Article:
Travel Magazine

There’s a Place Called Santuario.

By Tilda Y

“How can anyone get enough of healing?” asked Liam, in response to my comment that people get addicted to Ayahuasca, the Amazonian vine that opens portals to other worlds as well as heals physical and mental illnesses.

Retreat centres have sprung up everywhere in the Peruvian jungle, attracting hoards of people from the “first world”, all in search for answers and solutions in this raw and untamed part of the planet. Travellers, seekers of natural healing, and the curious.  People of all walks of life could find themselves drawn to the prospects of attaining powerful visions and cure.


The Pride

I too was drawn, inexplicably.  But there was a problem- my pride.

“I don’t need this healing business, I don’t need to go to a retreat. That’s so gringo. Determination, patience, and time will do the job. There’s no need to go chasing after an exotic plant.”

That was my stance.  And it didn’t help either, that the vine has been capitalised by people looking for riches by packaging cures for people looking for quick fix.  Stories of fake shamans, ill intentions, and the bastardisation by the foreigner who cannot help but exploit native cultures. And of course, a story or two about deaths that happened on these retreats. That could be enough to scare anyone away.

The skeptic in me was more than proud to say, “I’m not falling for any of this spiritual bullshit.” My heart was pulled against my will as usual, and I had opened my mind enough to try it twice in the Sacred Valley of Cusco.  With two ceremonies that gave me no visual trip but what I could only describe as ‘strange feelings’, the logic was clear.  Stay away, it’s not for me. But once again, a little voice somehow managed to sneak into my cerebrum, suggesting that I had not yet experienced its full power.

To search, and then to surrender.

The search for an authentic experience began.  Looking for a healing retreat that felt right was more difficult than I imagined. I didn’t want to end up in a center in Iquitos that would make me feel like one on an assembly line of first world problems to be cured with a psychedelic brew.  It was after some trolling on the internet that I found Santuario, a little known place near Pucallpa. Somehow, that photograph of a wooden house by the thermal river made it click. This was to be my place.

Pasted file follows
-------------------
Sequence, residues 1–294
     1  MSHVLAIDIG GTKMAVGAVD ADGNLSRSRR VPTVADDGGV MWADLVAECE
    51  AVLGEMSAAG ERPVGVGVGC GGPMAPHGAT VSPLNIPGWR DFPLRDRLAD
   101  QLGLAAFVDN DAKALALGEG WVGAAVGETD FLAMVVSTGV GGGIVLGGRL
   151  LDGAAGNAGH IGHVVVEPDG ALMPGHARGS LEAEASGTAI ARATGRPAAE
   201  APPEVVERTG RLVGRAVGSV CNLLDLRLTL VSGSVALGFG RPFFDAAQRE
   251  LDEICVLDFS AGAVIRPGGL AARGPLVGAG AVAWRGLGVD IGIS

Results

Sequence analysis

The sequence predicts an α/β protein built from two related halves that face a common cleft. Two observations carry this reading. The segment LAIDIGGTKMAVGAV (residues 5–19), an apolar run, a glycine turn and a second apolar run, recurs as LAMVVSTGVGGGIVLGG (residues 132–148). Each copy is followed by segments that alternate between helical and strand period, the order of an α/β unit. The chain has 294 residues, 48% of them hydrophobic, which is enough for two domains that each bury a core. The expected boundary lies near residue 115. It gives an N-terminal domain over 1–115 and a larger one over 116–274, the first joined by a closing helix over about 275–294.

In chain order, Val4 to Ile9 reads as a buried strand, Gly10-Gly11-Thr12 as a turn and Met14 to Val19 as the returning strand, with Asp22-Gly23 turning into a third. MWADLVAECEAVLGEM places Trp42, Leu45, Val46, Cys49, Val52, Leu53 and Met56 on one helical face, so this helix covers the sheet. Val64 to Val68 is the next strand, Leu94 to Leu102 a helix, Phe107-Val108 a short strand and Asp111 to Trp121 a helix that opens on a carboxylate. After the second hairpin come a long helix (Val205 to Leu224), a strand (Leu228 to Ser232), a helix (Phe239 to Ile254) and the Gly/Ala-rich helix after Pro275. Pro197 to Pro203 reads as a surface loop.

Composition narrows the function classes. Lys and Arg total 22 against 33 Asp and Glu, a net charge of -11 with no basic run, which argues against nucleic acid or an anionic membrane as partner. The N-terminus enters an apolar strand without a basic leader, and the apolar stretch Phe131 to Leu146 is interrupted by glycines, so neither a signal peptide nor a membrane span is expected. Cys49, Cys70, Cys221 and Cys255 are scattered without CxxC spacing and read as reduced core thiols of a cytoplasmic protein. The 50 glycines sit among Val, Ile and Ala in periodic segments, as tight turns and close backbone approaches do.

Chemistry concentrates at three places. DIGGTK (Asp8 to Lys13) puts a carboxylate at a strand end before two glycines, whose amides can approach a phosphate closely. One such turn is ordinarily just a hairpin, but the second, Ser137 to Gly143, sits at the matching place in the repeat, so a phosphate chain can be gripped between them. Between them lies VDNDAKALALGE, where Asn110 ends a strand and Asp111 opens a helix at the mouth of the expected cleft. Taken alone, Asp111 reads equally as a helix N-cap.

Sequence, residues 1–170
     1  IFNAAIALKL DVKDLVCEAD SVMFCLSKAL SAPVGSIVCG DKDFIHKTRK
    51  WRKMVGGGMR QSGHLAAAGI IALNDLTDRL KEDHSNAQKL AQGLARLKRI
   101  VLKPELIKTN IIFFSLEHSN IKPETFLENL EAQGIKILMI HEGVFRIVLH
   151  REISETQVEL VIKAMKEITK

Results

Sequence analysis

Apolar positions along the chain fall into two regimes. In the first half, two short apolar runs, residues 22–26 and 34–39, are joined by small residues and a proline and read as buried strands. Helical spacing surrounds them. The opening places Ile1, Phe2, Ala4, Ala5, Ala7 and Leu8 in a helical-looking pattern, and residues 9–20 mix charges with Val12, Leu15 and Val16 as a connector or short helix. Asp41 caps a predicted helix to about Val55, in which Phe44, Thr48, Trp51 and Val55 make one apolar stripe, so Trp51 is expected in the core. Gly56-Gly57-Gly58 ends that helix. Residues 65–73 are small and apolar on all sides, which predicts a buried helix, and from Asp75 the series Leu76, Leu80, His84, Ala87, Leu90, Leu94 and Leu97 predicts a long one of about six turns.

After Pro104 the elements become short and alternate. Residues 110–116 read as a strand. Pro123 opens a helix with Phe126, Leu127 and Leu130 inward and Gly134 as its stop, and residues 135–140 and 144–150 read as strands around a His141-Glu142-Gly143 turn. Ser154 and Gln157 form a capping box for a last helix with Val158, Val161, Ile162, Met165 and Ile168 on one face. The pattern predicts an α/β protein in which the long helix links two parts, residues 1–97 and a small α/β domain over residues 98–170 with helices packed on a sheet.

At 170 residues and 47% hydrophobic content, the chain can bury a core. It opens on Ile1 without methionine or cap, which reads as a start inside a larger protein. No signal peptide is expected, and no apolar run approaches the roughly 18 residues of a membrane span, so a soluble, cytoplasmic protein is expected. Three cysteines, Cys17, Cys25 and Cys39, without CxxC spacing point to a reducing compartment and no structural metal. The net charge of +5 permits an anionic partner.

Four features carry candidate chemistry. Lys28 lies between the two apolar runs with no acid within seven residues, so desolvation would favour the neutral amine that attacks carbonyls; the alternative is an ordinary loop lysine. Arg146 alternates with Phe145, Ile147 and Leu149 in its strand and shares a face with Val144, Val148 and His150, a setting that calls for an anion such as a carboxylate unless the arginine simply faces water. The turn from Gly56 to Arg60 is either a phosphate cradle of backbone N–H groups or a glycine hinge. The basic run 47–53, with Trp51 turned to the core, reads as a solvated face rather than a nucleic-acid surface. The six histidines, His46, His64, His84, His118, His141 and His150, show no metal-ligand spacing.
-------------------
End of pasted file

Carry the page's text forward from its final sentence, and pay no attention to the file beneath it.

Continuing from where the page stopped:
And so there I was, spending a very short but glorious five nights with two other lovely seekers from the UK.  Yes, just three of us, and Master Enrique’s beautiful family. With no cellphone reception, we would spend all day on hammocks, exchanging stories or reading by the river whose vapour purified our beings.  The sound of the river soon became part and parcel of our days.  We’d take our showers with water from the thermal river. There was a ritual.  First with water, then with a plant bath that would cleanse in place of soaps. Our taste buds that had been assaulted by excessive flavours were now given real, pure and simple food.  Each of us had our own plant medicine to take.  When I arrived, I had a bad case of food poisoning, which was cured by Master Enrique’s concoction made by one of the hundreds of plants that grew in the area.

Yes, we were drinking trees.  The Amazon is the lab that doesn’t seek to profit from your illness, the doctor that actually cares.

The ceremonies were powerful.  Memories, light, sorrow, tears, and deep joy filled me with each haunting Icaro sang by Aime, Enrique’s wife. My body lost all its strength as the medicine took over.  There was nothing I could do but to surrender.

Surrendering my pride was the best thing I could do for myself, surrendering to the universe who has given me life after life, journey after journey.  Dawn came, and as the first light cut through the darkness of the maloca, all I could feel was an overwhelming sense of gratitude.  I could not be more blessed than I already am.  My life was satiated with richness, it could almost hold no more.

As I write this, I still struggle at moments to keep anxiety in check. So what has changed? Many little things, including actually being mindful of the negativity that threatens to swallow me whole. And as they say, being aware is really the first step.

I hope to be back to Santuario soon, to  purify, and then to marinate in pure goodness.  I guess Liam was right, you never get enough of healing. And no, I don’t even care how hippie that sounds.


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By Rolland Loch
posted on 25 January at 14:19
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